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Cancer Causes & Control

, 22:1521 | Cite as

Merkel cell carcinoma: a population-based study on mortality and the association with other cancers

  • Valeria AscoliEmail author
  • Giada Minelli
  • Mark Kanieff
  • Luisa Frova
  • Susanna Conti
Open Access
Original paper

Abstract

Background

Few population-based epidemiological data are available on Merkel cell carcinoma (MCC), a rare lethal non-melanoma skin cancer. We analysed multiple-cause-of-death records to describe MCC mortality and trends and the association with other primary cancers.

Methods

We reviewed all 6,713,059 death certificates in Italy (1995–2006) to identify those mentioning MCC. We evaluated the association with other primary cancers by calculating the ratio of observed to expected deaths, using a standardized mortality ratio (SMR)-like analysis. We also evaluated the geographic distribution of deaths.

Results

We identified 351 death certificates with the mention of MCC. The age-adjusted mortality was 0.031/100,000, with a significant trend of increase and a slight north–south gradient. There was a significant deficit for solid cancers (SMR = 0.15) and a non-significant excess for lymphohematopoietic malignancies (SMR = 1.62). There were significant excesses for chronic lymphocytic leukemia (SMR = 4.07) and Waldenström’s macroglobulinemia (SMR = 27.2) and a non-significant excess for chronic myeloid leukemia (SMR = 5.12).

Conclusions

The increase in MCC mortality reflects the incidence trend in the literature. The association with chronic lymphocytic leukemia confirms the importance of immunologic factors in MCC. Regarding Waldenström’s macroglobulinemia, an association with MCC has never been reported.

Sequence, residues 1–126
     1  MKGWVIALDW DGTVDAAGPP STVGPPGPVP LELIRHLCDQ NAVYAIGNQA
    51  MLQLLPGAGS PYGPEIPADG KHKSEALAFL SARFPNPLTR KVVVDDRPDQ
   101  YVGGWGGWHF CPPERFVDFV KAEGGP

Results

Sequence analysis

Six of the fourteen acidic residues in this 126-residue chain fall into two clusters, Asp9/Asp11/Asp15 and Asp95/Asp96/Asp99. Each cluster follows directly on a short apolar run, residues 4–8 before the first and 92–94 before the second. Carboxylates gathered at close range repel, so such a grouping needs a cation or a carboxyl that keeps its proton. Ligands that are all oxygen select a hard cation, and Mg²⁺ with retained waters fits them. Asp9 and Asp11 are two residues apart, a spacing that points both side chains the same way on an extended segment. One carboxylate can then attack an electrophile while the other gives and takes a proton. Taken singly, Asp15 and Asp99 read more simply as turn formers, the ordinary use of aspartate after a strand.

Keywords

Multiple-cause-of-death Non-melanoma skin cancer Waldenström’s macroglobulinemia Chronic lymphocytic leukemia Neuroendocrine carcinoma 

Introduction

Merkel cell carcinoma (MCC) is a rare neuroendocrine cancer of the skin that usually affects elderly persons [1, 2, 3]. MCC has been recently shown to be associated with a virus, “Merkel-cell-polyomavirus” [4]. An increased risk of MCC has been reported among solid-organ transplant recipients [5, 6] and persons with HIV/AIDS [6, 7], and some studies have reported an association between MCC and other cancers, such as chronic lymphocytic leukemia [8, 9, 10, 11]. MCC is considered to be highly aggressive and lethal [1, 2]; in fact, more than half of the persons with non-localized MCC die within 1 year of diagnosis [11].

Given the rarity of MCC, few population-based epidemiological data are available, and these data, which derive from cancer registries, have become available only recently. In Europe, the only published data for individual countries are incidence data for Denmark and Sweden [11, 12]. For other rare tumours or diseases for which few data are available, multiple-cause-of-death records have been used as a source of data [13, 14]. The advantage to using these records is that they are a readily available source of population-based information on the health status of a given population and that they contain, in addition to the underlying cause of death, those other diseases or conditions that contributed to death [15].